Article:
EVEN AS the controversy over GM Mustard rages on, another row is in the offing over genetically modified (GM) crop version of jowar — or sorghum, said to be the poor man’s food in India — as some members of a Parliamentary committee is learnt to have taken strong note of it.
The Parliamentary Standing Committee on Science and Technology, Environment and Forests, headed by Congress leader Renuka Chowdhury, has decided to seek clarifications from Union Agriculture Minister Radha Mohan Singh, and also ask the National Institute of Nutrition (NIN) to do a comparative analysis of the nutritional values of GM and non-GM sorghum.
The panel is examining the issue of GM crops and its impact on environment and is learnt to have called for samples of the crop developed by the Hyderabad-based Indian Institute of Millets Research (IIMR).
The committee is likely to send the samples to NIN. “The panel will ask NIN to make a comparative study of nutritional values of GM Sorghum and conventional sorghum. We are keen to know what was the need to develop a genetically modified version of sorghum, which is the poor man’s food,” a source with knowledge of developments in the standing committee said. “Sorghum yield was already not fetching a good market price and was more than enough to meet the demand. So why was it (GM Sorghum) required?”
The source said the committee wants to know whether there is a plan to introduce GM Sorghum in ration shops under the Public Distribution System. “There are several apprehensions. The panel will examine it thoroughly,” according to a source in the committee.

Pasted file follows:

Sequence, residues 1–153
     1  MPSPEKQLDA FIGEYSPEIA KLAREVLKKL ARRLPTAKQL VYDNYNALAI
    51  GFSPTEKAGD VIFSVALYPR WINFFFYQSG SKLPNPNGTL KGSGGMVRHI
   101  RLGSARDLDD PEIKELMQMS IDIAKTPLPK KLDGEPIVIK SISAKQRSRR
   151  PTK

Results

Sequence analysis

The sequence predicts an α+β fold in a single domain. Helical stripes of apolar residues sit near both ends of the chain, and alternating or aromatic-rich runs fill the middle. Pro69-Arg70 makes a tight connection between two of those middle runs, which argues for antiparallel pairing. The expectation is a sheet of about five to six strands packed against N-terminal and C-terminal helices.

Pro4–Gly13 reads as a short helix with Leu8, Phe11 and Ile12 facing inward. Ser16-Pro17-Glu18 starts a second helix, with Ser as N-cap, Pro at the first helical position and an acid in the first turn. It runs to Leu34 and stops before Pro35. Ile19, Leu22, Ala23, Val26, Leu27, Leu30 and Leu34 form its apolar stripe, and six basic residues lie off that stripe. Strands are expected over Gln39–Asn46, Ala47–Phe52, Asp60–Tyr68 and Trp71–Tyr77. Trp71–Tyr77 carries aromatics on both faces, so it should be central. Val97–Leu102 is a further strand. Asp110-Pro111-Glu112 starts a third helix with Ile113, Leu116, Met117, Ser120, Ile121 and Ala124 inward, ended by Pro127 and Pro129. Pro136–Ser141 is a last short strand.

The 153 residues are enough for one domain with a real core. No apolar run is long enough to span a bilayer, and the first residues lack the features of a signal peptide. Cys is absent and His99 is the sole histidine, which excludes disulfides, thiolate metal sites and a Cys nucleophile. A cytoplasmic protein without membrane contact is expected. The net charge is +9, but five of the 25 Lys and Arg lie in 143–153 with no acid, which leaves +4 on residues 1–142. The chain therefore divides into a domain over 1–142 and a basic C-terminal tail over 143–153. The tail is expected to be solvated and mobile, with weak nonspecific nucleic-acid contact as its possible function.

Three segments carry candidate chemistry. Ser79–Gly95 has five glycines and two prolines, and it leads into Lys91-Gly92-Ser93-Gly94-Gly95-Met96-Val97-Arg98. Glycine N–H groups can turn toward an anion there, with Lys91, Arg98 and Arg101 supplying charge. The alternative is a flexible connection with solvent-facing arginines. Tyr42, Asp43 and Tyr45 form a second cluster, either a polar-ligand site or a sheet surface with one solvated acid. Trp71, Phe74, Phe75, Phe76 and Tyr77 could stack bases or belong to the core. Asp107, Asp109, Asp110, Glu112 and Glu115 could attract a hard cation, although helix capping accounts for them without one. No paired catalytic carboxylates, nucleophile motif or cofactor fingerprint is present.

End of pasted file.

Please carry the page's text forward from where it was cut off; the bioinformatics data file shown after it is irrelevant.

The panel will also look into issues such as expenditure incurred on research for GM Sorghum and seek the Agriculture Minister’s views on it. How was money from the public exchequer spent on GM Sorghum research “even before any forward-backward linkage planning was done”, an Opposition member in the panel asked.
The IIMR had begun research on transgenic jowar around four years ago, and has now developed Bt Sorghum, which is bigger in size and ostensibly has greater pest resistance. Activists contend that the Central government should not allow consumption of genetically modified jowar by either humans or animals. They argue that since jowar is largely consumed by the poor, any ill-effect of the GM variety will impact more people, and especially those without much access to preventive medicare.
The Genetic Engineering Appraisal Committee (GEAC) has already given its clearance to GM Mustard and recommended approval for its commercial cultivation to the Environment Ministry. But the decision has met stiff resistance from a large number of social activists and farmers’ organisations, including RSS-affiliated ones such as the Swadeshi Jagran Manch and the Bhartiya Kisan Sangh.
The only genetically modified crop that is under cultivation in India is Bt Cotton, which is grown over 10.8 million hectares. Under the UPA government, the Environment Ministry headed by Jairam Ramesh had disallowed a proposal to allow cultivation of Bt Brinjal, a transgenic variety of brinjal.